How many times do we say to ourselves “if only this had been different or that had been different.” How often do we say to ourselves “why can’t that person see things from my perspective or I wish things were different.” If you are like me than you do this numerous times every single day. We are constantly wishing things were different such that it would make our lives easier or less stressful. As a minor in Humanitarian Affairs and future grad student in Conflict Resolution I often wonder why things in the world aren’t different. Why is it that people fight? Why is it that people hate one another just because of their skin color, religion, or sexual orientation? Why does it have to be an us vs. them mentality? I think deep down we all have a desire to change the world. If not change the world, then we at least want to make a positive impact on someones life.
If we want to create that change or as Gandhi puts it, “be the change we want to see in the world.” It is imperative that we learn how to change ourselves. We need to learn to be malleable and to critically look at it and think about the things going on around us in the world. I changed dramatically after I studied abroad in Paris for a semester. My entire view of the world (which I had held since my birth) was completely flipped upside down by my experience there. In America everyone rushes everywhere. As a native New Yorker I know better than to walk slowly down the sidewalk in Manhattan. People in the U.S. rarely take the time to eat lunch and many just skip the meal altogether. In Paris, everything was different. Not only did Parisians eat lunch but they would go to their neighborhood cafe with co-workers or friends and enjoy some food and wine. I would walk to class at noon and see them casually sitting around, sipping wine, and people watching people such as myself walk by. I didn’t realize it at the time but those things changed me. Living in that environment altered my view on life and on what truly matters. Enjoyment and company should supersede making a ton of money.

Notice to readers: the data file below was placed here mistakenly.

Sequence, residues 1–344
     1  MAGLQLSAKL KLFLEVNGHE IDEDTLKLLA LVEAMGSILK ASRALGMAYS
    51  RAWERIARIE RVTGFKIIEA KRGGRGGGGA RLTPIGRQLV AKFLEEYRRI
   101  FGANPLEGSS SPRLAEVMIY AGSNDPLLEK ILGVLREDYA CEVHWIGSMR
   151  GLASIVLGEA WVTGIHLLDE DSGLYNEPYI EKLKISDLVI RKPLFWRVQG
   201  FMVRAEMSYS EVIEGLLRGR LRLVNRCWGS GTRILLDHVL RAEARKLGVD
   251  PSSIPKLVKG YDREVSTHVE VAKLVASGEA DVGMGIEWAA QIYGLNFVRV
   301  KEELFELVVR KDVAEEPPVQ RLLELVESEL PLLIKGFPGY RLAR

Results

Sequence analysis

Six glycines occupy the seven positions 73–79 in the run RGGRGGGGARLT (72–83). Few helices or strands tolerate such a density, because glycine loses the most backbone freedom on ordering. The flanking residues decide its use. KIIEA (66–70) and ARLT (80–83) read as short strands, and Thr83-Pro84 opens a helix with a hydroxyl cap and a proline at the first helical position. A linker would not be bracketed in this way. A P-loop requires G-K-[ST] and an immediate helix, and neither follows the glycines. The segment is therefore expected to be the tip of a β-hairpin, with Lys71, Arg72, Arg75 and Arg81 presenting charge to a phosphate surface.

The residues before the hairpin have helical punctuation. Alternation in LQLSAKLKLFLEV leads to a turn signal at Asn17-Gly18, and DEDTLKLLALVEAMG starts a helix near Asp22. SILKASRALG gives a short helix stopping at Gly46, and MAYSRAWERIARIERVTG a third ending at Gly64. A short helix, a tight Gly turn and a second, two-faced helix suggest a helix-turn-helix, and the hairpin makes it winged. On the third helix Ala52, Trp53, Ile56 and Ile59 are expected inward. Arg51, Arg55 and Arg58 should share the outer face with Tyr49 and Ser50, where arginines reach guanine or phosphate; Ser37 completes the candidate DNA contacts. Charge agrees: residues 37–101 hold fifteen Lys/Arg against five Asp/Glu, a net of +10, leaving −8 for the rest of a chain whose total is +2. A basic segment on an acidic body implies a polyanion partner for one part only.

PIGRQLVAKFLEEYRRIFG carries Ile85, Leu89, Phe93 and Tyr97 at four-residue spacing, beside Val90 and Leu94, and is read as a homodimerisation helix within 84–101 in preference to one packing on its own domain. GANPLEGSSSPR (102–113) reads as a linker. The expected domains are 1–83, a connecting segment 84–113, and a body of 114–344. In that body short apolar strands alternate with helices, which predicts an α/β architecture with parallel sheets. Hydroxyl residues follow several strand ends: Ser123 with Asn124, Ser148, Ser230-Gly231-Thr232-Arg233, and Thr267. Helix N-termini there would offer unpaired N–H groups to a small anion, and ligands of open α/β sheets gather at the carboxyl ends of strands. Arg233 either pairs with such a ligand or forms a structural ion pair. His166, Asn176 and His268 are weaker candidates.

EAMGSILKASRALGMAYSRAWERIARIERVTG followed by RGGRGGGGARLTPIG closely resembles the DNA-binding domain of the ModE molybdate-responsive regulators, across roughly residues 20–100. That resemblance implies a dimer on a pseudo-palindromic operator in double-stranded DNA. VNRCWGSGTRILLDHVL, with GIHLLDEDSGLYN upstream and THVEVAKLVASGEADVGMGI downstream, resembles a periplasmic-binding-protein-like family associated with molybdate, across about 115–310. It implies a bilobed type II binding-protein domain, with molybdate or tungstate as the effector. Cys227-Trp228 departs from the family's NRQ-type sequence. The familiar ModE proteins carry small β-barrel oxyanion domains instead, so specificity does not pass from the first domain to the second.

The change that occurred in me helped me to relate better to people who had a different worldview from me. No longer did I hold the notion that the French are lazy people. Rather they get the necessary work done in a suitable amount of time and spent the rest of their day relaxing and enjoying life. If we want to help people in the world, it is excruciatingly important to be able to relate to them and get on their level. Study abroad helped me to do that because it exposed me to people of different cultures with different values and beliefs. Yet, in all my time there, I never felt like I was superior to anyone and they never felt like they were superior to me. We were all on the same playing field, experiencing our youth in Paris together.
Personal change is hard. Once it is achieved however, it will pay dividends you couldn’t have dreamed of.